5 April 1981

To the personnel of the Fatebenefratelli Hospital in Rome

On Sunday 5th April, the Holy Father visited the Roman Hospital of St John Calibita, on the Tiber Island, on the occasion of the fourth centenary of the presence of the Fatebenefratelli in Rome. John Paul II delivered the following address.

Praise be to God who has made possible this meeting with you, guests of this ancient and well-deserving hospital of the Tiber Island! I thank the Lord who has enabled me to talk to you to express to you my sincere  affection.

I wish to greet the Prior General of the Hospitaller Order of St. John of God, Brother Pierluigi Marchesi, thanking him for his kind welcome and for the consoling words with which he wished to introduce this meeting. An equally affectionate  greeting goes also to all the Members of the Board of Directors; to the Cardinal Vicar Ugo Poletti, to Bishop Fiorenzo Angelini, in charge of spiritual assistance in the hospitals and clinics of Rome; to the illustrious physicians, head physicians, senior assistants and assistants; to the clerical, para-medical and auxiliary personnel; to the chaplains, sisters, the group of volunteer workers and all those who in various ways carry out here their precious work  of human and Christian solidarity in behalf of the dear sick. I greet everyone and I address my encouragement and appreciation to everyone in the name of the Lord Jesus who, during his earthly life, gave special attention  to the sick, and cured  all kinds of diseases (cf. Mk I,39; Lk 4,44; Mt 9,35). I address these same thoughts also to all the men  and women nurses, on whom the smooth operation  of the hospital depends to a great extent, because they are the greatest collaborators of the doctors and the assistants closest to the patients.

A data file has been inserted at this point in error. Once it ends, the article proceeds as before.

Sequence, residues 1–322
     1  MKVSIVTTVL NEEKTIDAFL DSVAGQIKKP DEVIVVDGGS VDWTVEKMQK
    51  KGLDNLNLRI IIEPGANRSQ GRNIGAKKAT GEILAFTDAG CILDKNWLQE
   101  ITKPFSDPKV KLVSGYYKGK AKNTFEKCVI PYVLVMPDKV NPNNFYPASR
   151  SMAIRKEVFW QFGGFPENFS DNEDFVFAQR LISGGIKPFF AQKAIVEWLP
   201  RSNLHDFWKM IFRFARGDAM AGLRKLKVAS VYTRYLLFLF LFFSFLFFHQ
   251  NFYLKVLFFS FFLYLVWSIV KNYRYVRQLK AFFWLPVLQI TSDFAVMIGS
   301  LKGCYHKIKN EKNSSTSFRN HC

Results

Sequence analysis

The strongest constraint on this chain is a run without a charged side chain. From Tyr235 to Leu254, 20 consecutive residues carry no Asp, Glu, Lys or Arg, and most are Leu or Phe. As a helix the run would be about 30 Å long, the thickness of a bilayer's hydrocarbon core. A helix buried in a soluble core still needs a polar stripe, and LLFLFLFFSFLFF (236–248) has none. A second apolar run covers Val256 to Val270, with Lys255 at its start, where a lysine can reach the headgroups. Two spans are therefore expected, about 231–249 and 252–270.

Origins enveloped in legend

Finding myself here, on the occasion of the fourth centenary of the arrival in Rome of the Religious of the Hospitaller Order, better known by the name of “Fatebenefratelli”, I cannot fail to recall the long period of history that has been unfolded here. Its origins are even enveloped in the aura of legend, according to which the first nucleus of this refuge was a ship that was submerged in the muddy waters of the Tiber. It is certain that  already in the time of the Romans this mysterious island was used as a place of treatment. But it was in the 16th century, after years of abandonment, that it resumed its medical purpose in the light  of Christian love, which is the characteristic of  the followers of Christ and which St. John of God succeeded in installing  so well in his spiritual children who have run this hospital with loving and  admirable care for centuries. Their presence in Rome goes back, in fact, to 1581, when a small number of Brothers began to care for the poor at a little hospital in Piazza di Pietra, amid the imposing columns  of the Ancient Temple of Hadrian. The work of assistance, carried out with Christian piety by the first Spanish and Italian  religious, soon attracted the esteem, the respect and the veneration of the citizens, so that that first site ended up by being too small to hospitalize and treat  all the poor who turned to the charity of the religious. It was then that the hospital was transferred from that place to this more spacious and  comfortable site in 1584. In nearly 400 years of activity it has restored health and the joy of life to countless sick of so many generations, who have in these four centuries succeeded one another in this hospital. The approval and thanks of Rome, of the Church and of the Pope therefore goes to the “Fatebenefratelli” for this blessed beneficial  work, which is their true claim to glory.